According to Lewis Thomas, the 20th-century American physicist, essayist and researcher, “the most solid piece of scientific truth I know of is that we are profoundly ignorant about nature”.
In fact, some books on conventional agriculture define soil as “inert matter in which plants grow”. The entire conventional, globalised and industrialised agro-livestock system, based on the use of synthetic chemical materials, is built on this definition and it is also associated with an entire commercial, economic and political system that completely disregards the importance of soil within the ecosystem. But, in reality, the soil could not be more important, because it contains more living creatures than there are human beings on the planet. The soil should, therefore, be considered sacred.
The wine world has a very distinctive history that has been founded on tradition for generations. Unfortunately, over recent decades, this tradition has taken a back seat and the latest advances in both machinery and products have been introduced without a second thought. This, in turn, has enabled us to boost production, reduce working times and require less human labour. In short, it has led to a total and complete break of the bond between human beings and agriculture.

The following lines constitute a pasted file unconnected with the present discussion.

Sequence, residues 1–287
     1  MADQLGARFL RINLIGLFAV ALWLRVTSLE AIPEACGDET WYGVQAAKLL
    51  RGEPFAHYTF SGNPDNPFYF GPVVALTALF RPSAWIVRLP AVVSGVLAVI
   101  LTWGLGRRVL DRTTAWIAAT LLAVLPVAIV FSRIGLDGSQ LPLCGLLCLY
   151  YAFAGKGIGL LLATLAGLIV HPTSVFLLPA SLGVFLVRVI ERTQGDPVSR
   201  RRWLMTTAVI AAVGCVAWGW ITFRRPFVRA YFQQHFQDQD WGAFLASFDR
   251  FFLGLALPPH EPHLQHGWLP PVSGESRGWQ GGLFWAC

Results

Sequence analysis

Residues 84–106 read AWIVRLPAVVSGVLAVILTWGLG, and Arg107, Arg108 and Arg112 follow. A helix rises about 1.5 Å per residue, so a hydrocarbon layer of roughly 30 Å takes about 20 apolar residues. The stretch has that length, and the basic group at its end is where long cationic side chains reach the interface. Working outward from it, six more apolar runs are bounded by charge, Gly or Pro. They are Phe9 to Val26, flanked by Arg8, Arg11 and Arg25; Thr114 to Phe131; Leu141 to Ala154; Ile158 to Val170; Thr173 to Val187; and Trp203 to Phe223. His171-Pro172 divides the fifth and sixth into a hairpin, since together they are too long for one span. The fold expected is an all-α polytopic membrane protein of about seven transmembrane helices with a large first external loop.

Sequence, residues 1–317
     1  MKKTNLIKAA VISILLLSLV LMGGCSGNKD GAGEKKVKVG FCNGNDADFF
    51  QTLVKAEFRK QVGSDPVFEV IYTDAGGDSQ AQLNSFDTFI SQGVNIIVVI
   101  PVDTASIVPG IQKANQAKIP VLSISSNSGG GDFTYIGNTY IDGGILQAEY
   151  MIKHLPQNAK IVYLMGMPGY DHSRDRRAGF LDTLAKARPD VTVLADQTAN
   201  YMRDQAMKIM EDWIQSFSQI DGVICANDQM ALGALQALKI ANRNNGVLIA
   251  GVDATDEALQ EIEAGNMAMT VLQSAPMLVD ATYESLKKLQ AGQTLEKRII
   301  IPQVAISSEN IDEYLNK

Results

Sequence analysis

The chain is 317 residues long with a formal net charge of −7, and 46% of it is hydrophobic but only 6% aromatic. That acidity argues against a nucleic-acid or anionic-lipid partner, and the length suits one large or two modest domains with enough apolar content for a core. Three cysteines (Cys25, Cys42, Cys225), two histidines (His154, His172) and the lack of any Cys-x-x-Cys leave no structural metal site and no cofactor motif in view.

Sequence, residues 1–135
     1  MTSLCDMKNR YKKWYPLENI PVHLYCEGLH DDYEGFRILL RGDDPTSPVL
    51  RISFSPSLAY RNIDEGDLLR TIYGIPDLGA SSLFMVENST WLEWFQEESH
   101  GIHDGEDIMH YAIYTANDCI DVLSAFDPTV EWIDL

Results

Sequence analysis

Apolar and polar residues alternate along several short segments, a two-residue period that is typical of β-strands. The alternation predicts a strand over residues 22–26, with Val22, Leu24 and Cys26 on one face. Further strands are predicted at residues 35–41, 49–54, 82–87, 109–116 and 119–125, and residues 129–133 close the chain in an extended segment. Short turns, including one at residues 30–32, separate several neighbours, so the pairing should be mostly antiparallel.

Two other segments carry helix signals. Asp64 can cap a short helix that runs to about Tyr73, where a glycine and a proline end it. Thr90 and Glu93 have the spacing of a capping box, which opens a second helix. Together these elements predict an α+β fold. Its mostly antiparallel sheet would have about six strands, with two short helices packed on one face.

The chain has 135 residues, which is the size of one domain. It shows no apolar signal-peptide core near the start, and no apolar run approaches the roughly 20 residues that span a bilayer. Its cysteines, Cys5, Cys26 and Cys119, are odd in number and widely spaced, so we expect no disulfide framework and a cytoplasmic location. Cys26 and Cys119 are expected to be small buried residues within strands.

The human race has a need to explore its limits and has done this for years and the good thing about this is that it is also able to learn from its mistakes and can, therefore, “relearn” how to treat the earth, because with a dead soil no other living being can exist, not even the human kind. Our challenge is to rekindle life underground, so that life above it can continue to exist.
And for this to happen, minerals, microbiology and organic matter need to interconnect to give us the healthy, CO2-rich soil that is the foundation of life. Over the years we have robbed the earth of CO2 and we must now work to restore this. And to understand how important CO2 is, one just has to know that a soil that increases its CO2 content by 1% can retain up to 140,000 additional litres of water per hectare per year.
Composting organic waste, maintaining plant cover, including animals in the vineyards and ploughing these vineyards using animal traction are some of the most beneficial practices we can implement in our countryside in order to rekindle life.